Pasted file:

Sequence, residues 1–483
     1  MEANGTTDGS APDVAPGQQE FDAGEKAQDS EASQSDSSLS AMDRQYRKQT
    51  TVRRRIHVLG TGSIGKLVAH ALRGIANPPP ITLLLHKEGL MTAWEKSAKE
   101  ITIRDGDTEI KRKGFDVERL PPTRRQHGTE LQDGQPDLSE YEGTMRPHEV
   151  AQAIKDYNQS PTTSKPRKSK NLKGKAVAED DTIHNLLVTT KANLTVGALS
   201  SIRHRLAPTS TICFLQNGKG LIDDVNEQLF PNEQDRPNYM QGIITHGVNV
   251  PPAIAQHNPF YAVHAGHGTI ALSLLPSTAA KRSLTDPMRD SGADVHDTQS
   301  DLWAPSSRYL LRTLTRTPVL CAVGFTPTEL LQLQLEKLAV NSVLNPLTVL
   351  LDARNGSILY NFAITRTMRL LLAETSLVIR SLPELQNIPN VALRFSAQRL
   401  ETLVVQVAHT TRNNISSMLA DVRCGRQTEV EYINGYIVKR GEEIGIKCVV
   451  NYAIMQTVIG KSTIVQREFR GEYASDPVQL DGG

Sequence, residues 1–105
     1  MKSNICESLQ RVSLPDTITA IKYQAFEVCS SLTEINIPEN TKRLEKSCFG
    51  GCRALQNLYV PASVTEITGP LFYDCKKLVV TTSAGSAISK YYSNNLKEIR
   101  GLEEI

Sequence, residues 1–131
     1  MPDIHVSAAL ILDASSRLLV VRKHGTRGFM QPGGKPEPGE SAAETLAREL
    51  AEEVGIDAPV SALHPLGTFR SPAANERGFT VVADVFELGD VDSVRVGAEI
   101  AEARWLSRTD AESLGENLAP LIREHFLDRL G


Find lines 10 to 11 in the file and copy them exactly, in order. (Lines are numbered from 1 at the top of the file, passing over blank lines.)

   401  ETLVVQVAHT TRNNISSMLA DVRCGRQTEV EYINGYIVKR GEEIGIKCVV
   451  NYAIMQTVIG KSTIVQREFR GEYASDPVQL DGG